102 years ago, when the so-called “Spanish Flu” arrived in South Africa, there was no national health department, and no official guidance on what to do. By mid-October the death rate was so high that town councils decided to close cinemas and schools. Some schools, such as Benoni Central School, Vogelfontein school in Boksburg, and the Springs government school were converted into emergency hospitals to treat the overflow of patients who could not be accommodated in official hospitals.
On 5 May 2018, a small group of about 20 people gathered at Rynsoord Cemetery in Benoni to remember Esther Henry/Eaton who passed away on 11 January 1943 at her residence, “The Firs,” Main Road, Benoni. A plaque was unveiled in remembrance of the Benoni pioneer who was separated by law from her husband, George William (Bill) Eaton in death.
In the previous article the origin, course and outcome of the 1922 Rand Revolt were discussed (click here to read). In this follow-up article, some of the surviving sites from this event are reviewed.
In Fordsburg, passersby hurry through a nondescript market square bordered by Albertina Sisulu, Dolly Radebe, Mint and Central Roads, quite unaware it marks the final stronghold of armed strikers during the 1922 Rand Revolt.
Known as the 1922 Miners’ Strike, Rand Revolt or even Red Revolt, occurring merely five years after the Bolsheviks seized power in Russia, it remains the greatest violent political upheaval on the Witwatersrand (Rand).
Perhaps you recall the 1980s advert, ‘Where did you have your first Campari? – in Benoni.’ That was well before Charlize Theron made Benoni famous.
Well, you do not have to be a taphophile (someone who takes an interest in cemeteries and tombstones) or require a taste for Campari to visit the Rynsoord Benoni Cemetery.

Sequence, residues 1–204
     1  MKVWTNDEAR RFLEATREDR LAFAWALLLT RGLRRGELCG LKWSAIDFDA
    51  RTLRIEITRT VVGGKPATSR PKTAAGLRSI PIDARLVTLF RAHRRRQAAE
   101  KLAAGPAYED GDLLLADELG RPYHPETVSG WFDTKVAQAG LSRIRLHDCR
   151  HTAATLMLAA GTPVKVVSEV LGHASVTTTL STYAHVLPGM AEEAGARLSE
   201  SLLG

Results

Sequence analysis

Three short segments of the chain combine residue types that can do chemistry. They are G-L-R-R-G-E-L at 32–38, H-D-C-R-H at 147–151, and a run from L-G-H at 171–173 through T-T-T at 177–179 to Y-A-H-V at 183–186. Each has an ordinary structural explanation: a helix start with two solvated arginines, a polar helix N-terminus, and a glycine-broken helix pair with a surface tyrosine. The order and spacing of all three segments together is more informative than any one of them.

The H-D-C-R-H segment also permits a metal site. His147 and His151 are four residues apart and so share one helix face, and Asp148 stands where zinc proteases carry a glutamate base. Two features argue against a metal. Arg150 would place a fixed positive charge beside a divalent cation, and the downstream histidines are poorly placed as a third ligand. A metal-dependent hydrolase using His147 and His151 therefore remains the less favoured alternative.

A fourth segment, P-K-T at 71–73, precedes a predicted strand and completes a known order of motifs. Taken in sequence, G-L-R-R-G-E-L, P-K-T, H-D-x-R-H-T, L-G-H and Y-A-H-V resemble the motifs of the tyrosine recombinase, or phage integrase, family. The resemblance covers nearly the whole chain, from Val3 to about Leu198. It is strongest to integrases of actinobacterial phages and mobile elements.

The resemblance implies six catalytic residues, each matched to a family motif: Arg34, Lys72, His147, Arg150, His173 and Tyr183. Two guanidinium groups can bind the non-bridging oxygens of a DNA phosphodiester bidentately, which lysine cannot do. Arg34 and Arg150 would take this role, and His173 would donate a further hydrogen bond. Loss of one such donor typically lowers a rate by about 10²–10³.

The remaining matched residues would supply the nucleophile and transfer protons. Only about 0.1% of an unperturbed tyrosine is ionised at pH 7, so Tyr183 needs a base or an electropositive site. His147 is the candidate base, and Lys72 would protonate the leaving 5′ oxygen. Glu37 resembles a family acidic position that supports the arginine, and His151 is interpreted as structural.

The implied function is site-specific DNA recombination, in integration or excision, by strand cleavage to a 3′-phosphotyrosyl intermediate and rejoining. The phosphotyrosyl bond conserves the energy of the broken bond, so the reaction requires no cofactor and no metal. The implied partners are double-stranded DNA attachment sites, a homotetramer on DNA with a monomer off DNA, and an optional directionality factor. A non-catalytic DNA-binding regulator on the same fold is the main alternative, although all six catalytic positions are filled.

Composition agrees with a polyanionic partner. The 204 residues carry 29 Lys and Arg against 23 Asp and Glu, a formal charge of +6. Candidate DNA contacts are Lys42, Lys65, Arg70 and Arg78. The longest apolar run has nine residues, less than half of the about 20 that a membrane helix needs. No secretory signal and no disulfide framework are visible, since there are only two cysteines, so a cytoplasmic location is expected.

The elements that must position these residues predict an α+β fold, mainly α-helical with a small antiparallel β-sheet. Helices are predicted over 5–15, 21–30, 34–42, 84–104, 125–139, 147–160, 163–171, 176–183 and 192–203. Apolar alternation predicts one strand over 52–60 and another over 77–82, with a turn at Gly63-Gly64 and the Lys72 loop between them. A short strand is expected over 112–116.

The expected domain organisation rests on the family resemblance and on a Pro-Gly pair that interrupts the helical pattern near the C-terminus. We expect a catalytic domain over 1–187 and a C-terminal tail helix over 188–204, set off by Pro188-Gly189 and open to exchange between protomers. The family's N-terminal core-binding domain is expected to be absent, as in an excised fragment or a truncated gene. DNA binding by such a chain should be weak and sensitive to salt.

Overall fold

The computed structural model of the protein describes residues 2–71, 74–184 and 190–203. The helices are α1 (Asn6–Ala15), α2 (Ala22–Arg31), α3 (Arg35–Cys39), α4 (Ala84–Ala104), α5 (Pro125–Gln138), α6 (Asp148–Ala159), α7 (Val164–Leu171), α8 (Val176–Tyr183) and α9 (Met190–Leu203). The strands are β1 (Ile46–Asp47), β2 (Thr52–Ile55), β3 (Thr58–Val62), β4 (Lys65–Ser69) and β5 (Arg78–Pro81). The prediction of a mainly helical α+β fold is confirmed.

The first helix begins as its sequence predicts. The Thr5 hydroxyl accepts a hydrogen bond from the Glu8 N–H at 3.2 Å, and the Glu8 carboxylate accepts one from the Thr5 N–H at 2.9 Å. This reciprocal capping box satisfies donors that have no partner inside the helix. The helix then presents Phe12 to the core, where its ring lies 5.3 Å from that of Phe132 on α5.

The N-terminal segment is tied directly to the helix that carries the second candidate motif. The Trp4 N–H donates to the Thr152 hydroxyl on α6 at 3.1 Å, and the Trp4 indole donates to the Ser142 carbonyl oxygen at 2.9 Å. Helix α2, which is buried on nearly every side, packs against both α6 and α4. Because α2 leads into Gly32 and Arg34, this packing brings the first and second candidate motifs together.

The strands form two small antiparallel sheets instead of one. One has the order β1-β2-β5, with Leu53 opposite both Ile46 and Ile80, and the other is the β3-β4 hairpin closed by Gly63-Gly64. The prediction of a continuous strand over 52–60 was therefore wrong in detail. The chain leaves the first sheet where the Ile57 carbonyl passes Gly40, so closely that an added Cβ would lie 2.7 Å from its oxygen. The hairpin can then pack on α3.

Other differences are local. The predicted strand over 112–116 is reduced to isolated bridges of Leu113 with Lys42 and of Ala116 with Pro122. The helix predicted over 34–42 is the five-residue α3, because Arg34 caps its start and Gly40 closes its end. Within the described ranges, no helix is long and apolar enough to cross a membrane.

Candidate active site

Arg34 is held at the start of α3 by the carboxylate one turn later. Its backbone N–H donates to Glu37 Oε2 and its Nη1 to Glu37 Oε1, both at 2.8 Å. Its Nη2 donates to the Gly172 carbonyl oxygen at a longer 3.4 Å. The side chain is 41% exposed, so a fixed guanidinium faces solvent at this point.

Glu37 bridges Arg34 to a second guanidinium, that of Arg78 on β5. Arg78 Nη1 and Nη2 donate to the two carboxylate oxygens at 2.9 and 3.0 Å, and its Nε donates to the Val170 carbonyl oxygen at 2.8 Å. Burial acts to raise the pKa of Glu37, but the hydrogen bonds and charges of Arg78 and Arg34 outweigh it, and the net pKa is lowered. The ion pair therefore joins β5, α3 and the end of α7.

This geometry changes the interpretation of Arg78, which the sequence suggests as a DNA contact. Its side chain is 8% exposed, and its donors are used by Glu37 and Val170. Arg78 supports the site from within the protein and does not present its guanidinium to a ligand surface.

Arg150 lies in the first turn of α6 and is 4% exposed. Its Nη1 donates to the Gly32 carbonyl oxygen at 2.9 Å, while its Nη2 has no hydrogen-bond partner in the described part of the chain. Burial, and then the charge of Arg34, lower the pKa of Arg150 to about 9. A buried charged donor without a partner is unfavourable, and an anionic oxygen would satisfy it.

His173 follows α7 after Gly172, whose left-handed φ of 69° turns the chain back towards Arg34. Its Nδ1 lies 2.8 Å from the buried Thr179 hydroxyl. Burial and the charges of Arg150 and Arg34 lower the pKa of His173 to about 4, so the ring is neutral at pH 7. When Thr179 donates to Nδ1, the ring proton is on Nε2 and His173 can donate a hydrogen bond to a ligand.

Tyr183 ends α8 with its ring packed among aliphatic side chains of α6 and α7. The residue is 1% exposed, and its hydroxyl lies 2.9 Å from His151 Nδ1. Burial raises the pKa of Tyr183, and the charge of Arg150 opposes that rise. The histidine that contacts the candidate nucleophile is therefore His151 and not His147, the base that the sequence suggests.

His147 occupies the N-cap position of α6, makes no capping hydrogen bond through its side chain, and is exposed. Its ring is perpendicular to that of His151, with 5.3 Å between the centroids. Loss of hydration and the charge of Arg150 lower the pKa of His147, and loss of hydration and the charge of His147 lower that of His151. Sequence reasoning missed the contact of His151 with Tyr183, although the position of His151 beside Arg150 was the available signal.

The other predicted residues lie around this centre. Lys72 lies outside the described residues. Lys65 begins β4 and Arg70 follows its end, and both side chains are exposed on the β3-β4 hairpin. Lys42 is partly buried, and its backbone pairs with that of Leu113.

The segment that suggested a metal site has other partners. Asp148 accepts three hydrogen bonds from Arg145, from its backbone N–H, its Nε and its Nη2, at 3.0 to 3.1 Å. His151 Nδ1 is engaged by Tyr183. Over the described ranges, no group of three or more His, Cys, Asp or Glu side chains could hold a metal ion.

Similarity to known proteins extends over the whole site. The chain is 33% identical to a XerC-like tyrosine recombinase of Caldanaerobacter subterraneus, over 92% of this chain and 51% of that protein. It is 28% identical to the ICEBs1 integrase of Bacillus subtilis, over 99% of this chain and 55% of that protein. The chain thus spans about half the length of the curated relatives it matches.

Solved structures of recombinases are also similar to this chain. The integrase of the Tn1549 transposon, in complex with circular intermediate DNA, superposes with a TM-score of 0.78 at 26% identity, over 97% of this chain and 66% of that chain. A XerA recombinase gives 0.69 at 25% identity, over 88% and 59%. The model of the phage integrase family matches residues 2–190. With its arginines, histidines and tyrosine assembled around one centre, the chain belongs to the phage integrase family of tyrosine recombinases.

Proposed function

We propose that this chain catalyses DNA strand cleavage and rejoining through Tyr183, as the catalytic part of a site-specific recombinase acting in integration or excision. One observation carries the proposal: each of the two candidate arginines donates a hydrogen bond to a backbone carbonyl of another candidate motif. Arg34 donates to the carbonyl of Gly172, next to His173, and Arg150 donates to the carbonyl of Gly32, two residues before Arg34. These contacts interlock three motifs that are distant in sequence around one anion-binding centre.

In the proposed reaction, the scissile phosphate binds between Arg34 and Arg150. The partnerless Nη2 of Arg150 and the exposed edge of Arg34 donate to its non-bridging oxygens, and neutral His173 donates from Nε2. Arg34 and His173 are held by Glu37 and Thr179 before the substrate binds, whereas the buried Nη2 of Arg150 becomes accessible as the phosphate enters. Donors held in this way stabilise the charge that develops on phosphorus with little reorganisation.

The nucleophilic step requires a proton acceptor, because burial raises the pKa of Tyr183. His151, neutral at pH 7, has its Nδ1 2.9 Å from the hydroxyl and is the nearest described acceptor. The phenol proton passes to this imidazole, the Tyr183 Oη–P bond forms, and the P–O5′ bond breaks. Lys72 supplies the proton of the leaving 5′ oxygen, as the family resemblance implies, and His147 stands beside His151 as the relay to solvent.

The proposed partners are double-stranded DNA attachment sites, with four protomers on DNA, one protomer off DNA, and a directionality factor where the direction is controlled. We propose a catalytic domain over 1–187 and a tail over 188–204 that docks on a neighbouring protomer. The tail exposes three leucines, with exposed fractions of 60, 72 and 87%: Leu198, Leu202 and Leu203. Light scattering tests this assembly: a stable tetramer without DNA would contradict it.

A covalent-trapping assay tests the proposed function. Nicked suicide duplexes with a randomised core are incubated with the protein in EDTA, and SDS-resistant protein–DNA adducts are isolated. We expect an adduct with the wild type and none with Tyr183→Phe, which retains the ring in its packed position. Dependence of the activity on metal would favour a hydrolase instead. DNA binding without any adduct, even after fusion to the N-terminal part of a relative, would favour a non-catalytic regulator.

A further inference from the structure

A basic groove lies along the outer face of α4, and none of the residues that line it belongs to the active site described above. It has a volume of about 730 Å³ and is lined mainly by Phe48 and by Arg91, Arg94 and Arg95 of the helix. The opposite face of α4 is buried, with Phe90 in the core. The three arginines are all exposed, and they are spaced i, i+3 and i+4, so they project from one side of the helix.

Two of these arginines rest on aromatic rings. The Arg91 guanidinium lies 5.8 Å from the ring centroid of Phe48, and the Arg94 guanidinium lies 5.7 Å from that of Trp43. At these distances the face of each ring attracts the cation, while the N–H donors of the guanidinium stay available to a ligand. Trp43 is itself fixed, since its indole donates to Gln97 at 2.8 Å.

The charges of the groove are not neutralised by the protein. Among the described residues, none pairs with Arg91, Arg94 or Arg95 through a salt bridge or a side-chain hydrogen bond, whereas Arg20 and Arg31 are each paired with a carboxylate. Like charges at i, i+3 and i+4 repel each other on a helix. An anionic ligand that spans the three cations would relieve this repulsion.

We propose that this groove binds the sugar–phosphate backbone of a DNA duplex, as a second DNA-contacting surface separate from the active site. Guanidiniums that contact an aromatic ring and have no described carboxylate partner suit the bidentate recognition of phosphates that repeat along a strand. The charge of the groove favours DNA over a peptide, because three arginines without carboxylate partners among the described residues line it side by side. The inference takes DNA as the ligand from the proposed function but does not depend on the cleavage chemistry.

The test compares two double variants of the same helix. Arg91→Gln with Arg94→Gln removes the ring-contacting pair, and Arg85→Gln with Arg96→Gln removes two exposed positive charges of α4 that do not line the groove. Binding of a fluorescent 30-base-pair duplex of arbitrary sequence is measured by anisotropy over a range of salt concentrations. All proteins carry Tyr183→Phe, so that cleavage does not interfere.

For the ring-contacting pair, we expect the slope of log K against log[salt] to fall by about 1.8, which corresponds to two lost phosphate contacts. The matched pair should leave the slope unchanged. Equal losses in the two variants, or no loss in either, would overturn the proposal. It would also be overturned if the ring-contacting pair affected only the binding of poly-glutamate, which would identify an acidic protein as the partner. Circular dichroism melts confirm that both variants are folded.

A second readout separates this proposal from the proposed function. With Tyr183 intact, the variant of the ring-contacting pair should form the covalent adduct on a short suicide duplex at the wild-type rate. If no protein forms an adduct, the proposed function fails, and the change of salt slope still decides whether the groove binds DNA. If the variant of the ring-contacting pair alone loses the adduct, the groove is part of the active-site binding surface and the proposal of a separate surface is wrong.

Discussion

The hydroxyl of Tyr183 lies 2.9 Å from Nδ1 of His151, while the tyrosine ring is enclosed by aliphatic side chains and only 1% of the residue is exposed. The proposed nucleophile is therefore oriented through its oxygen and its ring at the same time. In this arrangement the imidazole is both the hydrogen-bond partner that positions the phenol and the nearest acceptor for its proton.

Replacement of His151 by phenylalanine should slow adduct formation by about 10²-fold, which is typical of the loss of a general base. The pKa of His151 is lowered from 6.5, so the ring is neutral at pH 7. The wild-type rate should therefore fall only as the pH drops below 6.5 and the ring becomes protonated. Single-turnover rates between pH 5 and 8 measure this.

There is a pub/hostelry in Benoni on the site where the original gold rush started in this region, now 6 km east of the Benoni City Centre. The Chimes Tavern was obviously built as a watering hole for the many expat miners that came to seek their fortunes. It was built in 1889 which makes it 127 years old (as of August 2016) and is thus one of the oldest pubs in South Africa, north of the Cape Province.
1922 is often seen as the year that South Africa teetered on the brink of civil war. Fighting broke out across the Rand following a dispute between mine owners and workers. The crisis only ended after martial law was declared and bombs fell from the sky. If you are ever looking for something to do on a Saturday afternoon why not take a drive and recreate a few of the scenes from this turbulent time. The following driving tour was created by the team from the Johannesburg Historical Foundation (now defunct) in the 1990s.
A few years ago we were involved in a battle to save historic Nedbank documents that were being thrown away by the company. For a while the future of the documents looked bleak but thankfully the story had a happy ending when top Nedbank executives got involved. The documents were moved to the Sandton head office and the execs committed to hire an archivist to go through the collection. The execs also committed to let the community know what was found and what would then be done with the documents.*
In 2009 local businessman Gerrit van der Stelt stumbled across a small demolition notice attached to a boundary wall of the highly significant Tait House in Benoni. What followed was a desperate struggle by the community to preserve the historic home. The Heritage Portal is happy to report that not only is the house still standing but it could also become a powerful symbol of the ability of old and new to coexist and thrive.